9″ plate D4697.
Often referred to as the Doulton version of Wedgwood’s famous Fairyland Lustreware, the Gnomes pattern illustrated is derived from drawings by the great illustrator Arthur Rackham for Peter Pan in Kensington Gardens, which also provided the inspiration for Doulton’s early figurine Pretty Lady who is based on an illustration for Wendy. The designer of this Doulton pattern is of course Charles Noke, then Art Director at Doulton’s Burslem factory.
Unusual rectangular plate.
Introduced c.1925 it is a perennially popular pattern that collectors clamour for when it does turn up at auction or through dealers. Although in production until c.1950 examples of it are hard to find and typically teawares are what do turn up in the form of plates and trios.
Early catalogue page featuring Gnomes ‘B’.
There are five recorded scenes as listed by Louise Irvine in her book Series Ware Vol.3, although again it is scene 1 which is the most frequently found, again on plates.
Unusual sandwich tray.
As with all seriesware patterns, a collection masterly displayed makes quite a statement in the home!
Rare oatmeal bowl with unusual, plain border.
For reference, there are 3 recorded D numbers for this pattern – D4697, D4899 and D5066 and this ‘B’ pattern is not to be confused with the earlier ‘A’ pattern. Also, in the USA it is referred to as ‘Munchkins’.
Introduced in 1903 there are around 20 different nursery rhyme designs based on illustrations by William Savage Cooper to collect and still other designs by others too. The earliest pieces of Savage Cooper’s are found on china with gold accenting, whilst later earthenware examples can be found on Doulton’s Art Deco earthenware shapes.
Typically gifts for children these pieces were no doubt broken and many today show signs of much use along the way, but their popularity ensured that they remained in production for a relatively long period to around 1939, meaning that there are examples in good condition to collect. Unusual boxed sets do turn up occasionally and I know of collectors who solely collect nursery wares and who have amassed great collections.
A catalogue page from the 1920’s.
Eugene HN1521, Fleurette HN1587 and Lisette HN1524.
Whatever you particular interest in Doulton figures you soon realise that themes do occur within collections, such as those ladies with feet popping out under the hems of skirts or those carrying parasols.
Another theme are the bevy of beauties teasing their admirers with their colourful fans.
Miranda HN1818 and Mariquita HN1837.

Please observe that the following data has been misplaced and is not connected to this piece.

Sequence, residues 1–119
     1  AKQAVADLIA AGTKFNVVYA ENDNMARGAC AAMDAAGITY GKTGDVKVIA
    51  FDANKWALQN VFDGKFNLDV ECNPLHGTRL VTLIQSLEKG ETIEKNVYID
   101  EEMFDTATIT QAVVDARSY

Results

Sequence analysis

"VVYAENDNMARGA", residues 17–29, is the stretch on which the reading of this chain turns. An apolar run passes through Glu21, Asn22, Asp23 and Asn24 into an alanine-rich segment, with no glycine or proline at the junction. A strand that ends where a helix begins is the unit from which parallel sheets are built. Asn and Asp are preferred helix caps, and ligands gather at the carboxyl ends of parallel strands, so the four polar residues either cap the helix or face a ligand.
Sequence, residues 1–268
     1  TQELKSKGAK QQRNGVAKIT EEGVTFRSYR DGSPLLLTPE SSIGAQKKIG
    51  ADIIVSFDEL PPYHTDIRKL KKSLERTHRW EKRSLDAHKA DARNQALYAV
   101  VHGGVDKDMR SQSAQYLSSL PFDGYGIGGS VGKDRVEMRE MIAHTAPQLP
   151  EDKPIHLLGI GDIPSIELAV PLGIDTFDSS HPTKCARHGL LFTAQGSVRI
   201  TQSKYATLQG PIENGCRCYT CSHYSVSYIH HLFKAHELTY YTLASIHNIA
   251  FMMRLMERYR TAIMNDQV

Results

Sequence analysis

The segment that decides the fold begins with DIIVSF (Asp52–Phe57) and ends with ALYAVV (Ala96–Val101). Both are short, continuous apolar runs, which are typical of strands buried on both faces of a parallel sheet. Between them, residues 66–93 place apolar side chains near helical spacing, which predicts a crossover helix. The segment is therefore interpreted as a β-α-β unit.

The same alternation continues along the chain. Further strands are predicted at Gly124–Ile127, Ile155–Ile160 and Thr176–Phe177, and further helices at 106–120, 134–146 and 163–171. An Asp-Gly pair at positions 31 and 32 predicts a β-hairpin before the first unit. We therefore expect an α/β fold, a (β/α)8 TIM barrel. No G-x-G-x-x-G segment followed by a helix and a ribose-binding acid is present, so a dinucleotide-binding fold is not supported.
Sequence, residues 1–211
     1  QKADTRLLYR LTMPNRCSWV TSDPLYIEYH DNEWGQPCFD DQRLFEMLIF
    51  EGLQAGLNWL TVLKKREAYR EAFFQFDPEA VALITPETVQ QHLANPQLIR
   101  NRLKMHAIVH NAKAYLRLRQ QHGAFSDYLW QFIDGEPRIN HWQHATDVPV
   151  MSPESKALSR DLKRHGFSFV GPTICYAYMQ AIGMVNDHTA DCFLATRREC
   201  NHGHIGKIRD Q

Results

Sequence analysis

With a history stretching back over 3000 years, it is the fans of the 18th and 19th centuries that typically appear on Doulton ladies. First seen here when merchants from Asia returned with them, those appearing on Doulton ladies are the folding type – again a relatively modern adaptation of the traditional fixed type.
Perhaps you collect figures according to a different theme? If so why not share them on our facebook page – Doulton Collectors Club!
Eliza Simmance vase for the Art Union.
The presence of ‘Art Union of London’ on Doulton ware, indicates that it was produced in a series and specially selected for members of the Art Union, whose subscription brought them access to important art wares from many sources including Doulton.
Example of the Art Union stamp found on Burslem ware or else an identical mark found impressed on Lambeth items.
Both Lambeth and Burslem produced wares for the Art Union, although examples of Burslem pieces are much harder to find. Doulton began supplying items in 1885 through to the early 1900’s (approx. 1902) and typically their most celebrated artists such as Mark Marshall and Eliza Simmance provided the original designs. Despite these items not being one off pieces, prices for these marked ‘Art Union of London’ are in line with one off pieces by these major artists. Rare items of Burslem ware that I have seen have all been in the style of their ‘Spanishware’.
Marqueterie sugar bowl.
This distinctive Lambeth ware was produced between 1886-1906, although examples are unusual due to its fragile nature. Multi-coloured clay in blue, white and brown were compressed together resulting in a marble effect clay, which would then be moulded into often intricate shapes. This particular ware bears a Doulton & Rix mark to its base,William Rix was art director at Lambeth between 1870-1897.